The usefulness of an e-reader as a portable reader and connected device Print E-mail
By Wilma Kurvink   


Trial conditions

We intended to test the ereader as a working substitute for hard copy books, and to take full advantage of the potential for delivering multiple titles of books and articles to the single device. We required all participants to be committed readers, so as to test the device for acceptance by readers who had long-established preferences for reading of books for information and pleasure, and who had a loyalty to the hardcopy format. From there, the other requirement was to deliver the ereader with titles as requested by the reader, emulating a service already being delivered by the library.
The following research questions guided the trial:

Research questions

Strand One; the research questions on reading and readers

How significant to the reader is the portability of many texts on an ereader?
What is gained and what is lost in the ereader experience?
What are the motivations for owning books and texts?
What are the motivations for reading?
What feelings play a role in exploring a new personal device for an activity with a traditional format (book)?

Strand Two; research questions for library acquisition and management

How are etexts purchased?
How are etexts managed?
How are etexts distributed once purchased?
What are the restrictions of DRM?
How are ereaders affected by the restrictions of DRM? 

Strand Three; contextual factors

How is the publishing industry preparing for the distribution of etexts?
What changes to distribution are envisaged?
How will content be affected by etexts?
What scope is there for working with textbook publishers and the delivery of etext books?


  1. Quantitative survey data (interpreting data in numerical form relating to actual use of the reader and measuring the satisfaction with both reading experience and ereader as a device)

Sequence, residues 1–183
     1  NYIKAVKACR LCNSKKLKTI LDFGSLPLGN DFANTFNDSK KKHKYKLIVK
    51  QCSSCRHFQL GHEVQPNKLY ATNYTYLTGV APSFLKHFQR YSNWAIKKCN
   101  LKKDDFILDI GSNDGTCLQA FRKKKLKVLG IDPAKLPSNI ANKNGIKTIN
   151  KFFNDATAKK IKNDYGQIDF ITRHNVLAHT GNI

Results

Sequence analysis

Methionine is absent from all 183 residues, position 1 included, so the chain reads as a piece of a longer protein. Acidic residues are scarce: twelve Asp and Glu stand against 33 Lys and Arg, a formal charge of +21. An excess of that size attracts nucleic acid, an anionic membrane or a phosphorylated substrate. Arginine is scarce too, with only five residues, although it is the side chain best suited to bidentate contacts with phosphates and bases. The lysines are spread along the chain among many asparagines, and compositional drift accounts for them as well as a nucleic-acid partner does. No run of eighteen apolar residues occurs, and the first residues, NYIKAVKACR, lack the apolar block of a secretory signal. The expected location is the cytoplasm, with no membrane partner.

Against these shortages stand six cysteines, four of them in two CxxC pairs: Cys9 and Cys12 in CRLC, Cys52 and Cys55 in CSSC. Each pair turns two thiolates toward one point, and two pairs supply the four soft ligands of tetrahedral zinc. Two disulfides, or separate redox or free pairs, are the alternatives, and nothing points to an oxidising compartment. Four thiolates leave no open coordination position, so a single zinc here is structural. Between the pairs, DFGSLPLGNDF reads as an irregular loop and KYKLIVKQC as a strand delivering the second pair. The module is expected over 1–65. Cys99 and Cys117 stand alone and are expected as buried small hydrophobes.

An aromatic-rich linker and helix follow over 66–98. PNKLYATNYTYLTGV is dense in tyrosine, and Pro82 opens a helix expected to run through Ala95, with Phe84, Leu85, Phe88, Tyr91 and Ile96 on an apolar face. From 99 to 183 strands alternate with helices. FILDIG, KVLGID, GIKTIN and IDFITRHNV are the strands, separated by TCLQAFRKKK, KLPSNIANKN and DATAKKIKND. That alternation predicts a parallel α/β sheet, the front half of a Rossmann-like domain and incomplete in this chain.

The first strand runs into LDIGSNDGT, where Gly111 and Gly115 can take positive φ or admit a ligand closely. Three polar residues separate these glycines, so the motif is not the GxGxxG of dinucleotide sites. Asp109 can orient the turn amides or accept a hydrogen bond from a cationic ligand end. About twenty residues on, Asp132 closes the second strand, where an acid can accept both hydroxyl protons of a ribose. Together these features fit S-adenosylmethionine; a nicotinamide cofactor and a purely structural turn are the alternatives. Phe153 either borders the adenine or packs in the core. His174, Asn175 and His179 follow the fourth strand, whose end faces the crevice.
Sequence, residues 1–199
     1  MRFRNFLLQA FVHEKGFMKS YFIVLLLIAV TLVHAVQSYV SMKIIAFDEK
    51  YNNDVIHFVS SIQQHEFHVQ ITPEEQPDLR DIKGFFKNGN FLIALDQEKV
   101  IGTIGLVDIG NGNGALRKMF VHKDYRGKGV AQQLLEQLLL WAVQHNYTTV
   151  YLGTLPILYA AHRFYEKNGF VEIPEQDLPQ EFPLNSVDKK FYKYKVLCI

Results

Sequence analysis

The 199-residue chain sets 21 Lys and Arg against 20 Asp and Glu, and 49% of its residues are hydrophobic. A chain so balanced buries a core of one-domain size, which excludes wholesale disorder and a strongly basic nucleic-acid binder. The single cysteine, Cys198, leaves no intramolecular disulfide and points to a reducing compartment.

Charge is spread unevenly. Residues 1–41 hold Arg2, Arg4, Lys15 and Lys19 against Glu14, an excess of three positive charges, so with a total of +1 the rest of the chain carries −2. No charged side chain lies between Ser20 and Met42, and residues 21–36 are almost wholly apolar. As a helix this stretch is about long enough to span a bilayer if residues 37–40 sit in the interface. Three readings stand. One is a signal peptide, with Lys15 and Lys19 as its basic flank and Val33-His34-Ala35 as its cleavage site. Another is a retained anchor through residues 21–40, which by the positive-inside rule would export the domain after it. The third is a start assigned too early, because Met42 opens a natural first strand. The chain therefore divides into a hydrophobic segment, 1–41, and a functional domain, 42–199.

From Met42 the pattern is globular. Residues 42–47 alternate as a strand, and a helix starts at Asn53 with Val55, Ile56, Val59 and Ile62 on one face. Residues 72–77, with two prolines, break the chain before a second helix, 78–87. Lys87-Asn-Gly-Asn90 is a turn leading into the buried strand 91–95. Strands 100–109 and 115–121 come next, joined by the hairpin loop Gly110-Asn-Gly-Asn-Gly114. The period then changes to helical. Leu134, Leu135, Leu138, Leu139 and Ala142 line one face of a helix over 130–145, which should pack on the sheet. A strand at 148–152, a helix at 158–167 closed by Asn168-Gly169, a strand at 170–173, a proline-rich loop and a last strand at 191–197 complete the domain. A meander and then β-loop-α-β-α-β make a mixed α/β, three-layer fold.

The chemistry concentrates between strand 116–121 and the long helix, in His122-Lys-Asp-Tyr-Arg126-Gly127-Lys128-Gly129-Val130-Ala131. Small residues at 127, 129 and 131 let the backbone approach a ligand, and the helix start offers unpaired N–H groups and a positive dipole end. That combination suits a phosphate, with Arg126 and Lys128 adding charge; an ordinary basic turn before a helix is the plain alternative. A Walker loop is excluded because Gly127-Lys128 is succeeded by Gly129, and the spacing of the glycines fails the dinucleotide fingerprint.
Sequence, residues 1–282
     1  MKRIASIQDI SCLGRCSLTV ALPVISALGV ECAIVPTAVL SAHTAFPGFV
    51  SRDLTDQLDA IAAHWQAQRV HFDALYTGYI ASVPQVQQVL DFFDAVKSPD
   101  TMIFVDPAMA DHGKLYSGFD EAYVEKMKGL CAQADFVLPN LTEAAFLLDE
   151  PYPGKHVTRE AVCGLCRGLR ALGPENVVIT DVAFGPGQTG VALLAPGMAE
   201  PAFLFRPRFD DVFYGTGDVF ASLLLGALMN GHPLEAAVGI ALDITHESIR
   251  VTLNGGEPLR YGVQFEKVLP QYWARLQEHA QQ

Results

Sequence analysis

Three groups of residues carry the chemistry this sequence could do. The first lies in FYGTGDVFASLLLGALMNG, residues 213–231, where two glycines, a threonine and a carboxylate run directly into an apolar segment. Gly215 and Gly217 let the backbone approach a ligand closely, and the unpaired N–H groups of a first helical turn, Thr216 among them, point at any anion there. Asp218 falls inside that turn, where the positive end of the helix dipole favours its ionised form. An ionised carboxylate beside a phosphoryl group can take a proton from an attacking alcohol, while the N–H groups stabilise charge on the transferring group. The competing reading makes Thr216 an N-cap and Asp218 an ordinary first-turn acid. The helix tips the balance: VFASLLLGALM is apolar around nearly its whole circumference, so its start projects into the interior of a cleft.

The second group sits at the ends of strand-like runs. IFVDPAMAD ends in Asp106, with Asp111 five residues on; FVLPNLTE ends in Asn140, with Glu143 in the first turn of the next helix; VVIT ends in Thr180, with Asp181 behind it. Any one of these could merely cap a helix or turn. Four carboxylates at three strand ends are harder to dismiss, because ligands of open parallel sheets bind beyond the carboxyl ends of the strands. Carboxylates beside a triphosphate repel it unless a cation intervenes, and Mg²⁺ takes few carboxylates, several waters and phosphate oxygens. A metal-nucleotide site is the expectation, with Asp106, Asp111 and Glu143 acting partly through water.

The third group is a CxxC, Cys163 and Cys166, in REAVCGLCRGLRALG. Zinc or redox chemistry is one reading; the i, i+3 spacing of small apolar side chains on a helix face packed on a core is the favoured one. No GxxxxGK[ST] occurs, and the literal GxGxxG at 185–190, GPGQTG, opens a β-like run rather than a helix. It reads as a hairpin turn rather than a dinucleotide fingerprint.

2. Qualitative – determining attitudes, motivations and affective qualities of readers via interviews (recorded)
  3. Testing for technical delivery (project management)
  4. Research, meetings and interviews with suppliers and publishers. 

Quantitative survey data

  • using surveys and entering data in 'Surveymonkey', generating comparative data and converting into graphs and statistics 

Qualitative; Interviews and questionnaire

  • To investigate our trial participants use of the ereader
  • Explore beliefs and feelings about the ereader with trial participants
  • To document actions taken with ereader by the trial participants
  • To document responses to the ereader and etext

Testing for technical delivery; project management

  • Identifying all elements required for successful delivery
  • Identifying all technical problems and issues
  • Solving delivery issues to the ereader
  • Identifying sources for etext and related content
  • Identifying and evaluating the changes required to library systems (catalogue and acquisition, delivery systems).